In other words, any Academy Annual still believes in painting. It still sees itself as central to an idea of art unshaken by crisis. That makes sense, given the Academy's divided mission. It has a school dominated by academicians, a distinguished roster of invited "members," and a museum that is definitely finding its identity. A recent show of F. E. Church fit the dilemma perfectly. One saw him at his most quirky, annoying, and academic—with loans from his retro fantasy castle on the Hudson—but also as a great American painter.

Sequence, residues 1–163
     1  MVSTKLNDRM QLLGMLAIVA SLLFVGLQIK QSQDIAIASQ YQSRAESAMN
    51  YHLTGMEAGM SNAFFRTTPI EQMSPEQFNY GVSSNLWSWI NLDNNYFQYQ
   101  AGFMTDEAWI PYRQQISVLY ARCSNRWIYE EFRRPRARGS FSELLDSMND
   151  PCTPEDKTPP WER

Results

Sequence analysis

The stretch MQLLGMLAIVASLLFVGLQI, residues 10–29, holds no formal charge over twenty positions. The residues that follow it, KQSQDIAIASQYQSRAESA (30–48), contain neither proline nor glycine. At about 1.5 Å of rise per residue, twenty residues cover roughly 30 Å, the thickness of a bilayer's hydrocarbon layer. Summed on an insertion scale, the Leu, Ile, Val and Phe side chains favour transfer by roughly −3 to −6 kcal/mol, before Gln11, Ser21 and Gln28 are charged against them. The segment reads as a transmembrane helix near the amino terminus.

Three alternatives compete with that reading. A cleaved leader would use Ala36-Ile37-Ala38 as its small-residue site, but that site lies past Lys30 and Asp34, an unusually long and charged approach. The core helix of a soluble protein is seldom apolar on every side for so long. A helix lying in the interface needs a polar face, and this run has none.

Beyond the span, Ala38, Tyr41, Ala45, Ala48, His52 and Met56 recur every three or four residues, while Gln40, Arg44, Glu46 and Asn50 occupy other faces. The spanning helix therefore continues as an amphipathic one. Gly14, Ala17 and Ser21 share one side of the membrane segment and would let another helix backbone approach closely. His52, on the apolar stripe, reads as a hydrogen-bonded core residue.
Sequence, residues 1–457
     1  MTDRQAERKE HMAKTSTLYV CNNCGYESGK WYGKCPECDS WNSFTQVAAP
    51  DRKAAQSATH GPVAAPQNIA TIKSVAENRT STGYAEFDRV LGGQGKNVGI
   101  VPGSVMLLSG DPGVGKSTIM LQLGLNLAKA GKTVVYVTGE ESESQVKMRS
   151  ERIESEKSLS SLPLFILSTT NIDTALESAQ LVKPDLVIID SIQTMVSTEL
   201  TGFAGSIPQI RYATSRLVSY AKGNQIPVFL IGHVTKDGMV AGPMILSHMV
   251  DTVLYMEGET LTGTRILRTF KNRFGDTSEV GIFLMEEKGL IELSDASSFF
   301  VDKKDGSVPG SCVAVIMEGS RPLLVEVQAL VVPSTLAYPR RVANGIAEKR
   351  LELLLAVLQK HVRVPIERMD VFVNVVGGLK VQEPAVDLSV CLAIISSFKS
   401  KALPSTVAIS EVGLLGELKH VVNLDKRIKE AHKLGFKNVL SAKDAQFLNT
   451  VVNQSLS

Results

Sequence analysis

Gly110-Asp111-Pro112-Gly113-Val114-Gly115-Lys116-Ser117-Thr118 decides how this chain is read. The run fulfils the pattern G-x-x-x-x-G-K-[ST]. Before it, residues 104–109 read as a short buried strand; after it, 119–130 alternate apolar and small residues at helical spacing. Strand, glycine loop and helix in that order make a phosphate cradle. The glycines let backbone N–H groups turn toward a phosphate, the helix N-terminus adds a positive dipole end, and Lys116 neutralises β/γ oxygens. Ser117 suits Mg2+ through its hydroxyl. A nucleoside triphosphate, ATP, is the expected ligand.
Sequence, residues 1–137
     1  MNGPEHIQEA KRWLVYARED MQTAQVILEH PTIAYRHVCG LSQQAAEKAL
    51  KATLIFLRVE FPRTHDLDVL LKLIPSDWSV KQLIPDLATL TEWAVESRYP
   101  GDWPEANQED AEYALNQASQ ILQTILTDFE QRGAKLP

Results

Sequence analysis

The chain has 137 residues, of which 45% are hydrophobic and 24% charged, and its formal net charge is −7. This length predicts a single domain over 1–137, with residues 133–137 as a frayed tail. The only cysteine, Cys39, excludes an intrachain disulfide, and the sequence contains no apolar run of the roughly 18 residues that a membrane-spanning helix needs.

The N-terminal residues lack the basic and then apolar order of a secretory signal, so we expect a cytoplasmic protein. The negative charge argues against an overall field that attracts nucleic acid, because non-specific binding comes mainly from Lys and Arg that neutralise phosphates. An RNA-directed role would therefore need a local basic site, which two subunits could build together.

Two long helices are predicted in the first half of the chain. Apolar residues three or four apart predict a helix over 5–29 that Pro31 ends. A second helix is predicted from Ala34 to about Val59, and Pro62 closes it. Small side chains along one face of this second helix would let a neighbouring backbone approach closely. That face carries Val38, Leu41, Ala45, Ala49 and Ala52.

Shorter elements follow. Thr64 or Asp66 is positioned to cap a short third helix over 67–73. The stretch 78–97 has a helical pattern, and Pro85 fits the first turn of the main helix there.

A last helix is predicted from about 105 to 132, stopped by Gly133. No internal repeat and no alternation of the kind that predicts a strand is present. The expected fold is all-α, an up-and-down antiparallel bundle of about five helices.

Fortunately, the Annual does not fuss unduly over academic painting, and at times a residual conservatism pays off handsomely. Donald Baechler downplays his pop-culture references in favor of subdued colors and a skull that makes frightening eye contact. Thomas Noskowski's dashes build toward color, almost like Morse code without a message. Jonathan Lasker gives oil squiggles the informality and visceral color of crayon, and Rochelle Feinstein's white acrylic almost fades into canvas before one's eyes. In Phong Bui's hands, a Sol LeWitt wall drawing appears to suffer a nervous breakdown, although Bui's work looked better in Williamsburg, where it really could warp the gallery. I had fewer surprises with the representational art, but views of the 2004 MoMA garden extension by Donald Richardson could pass for landscape painting.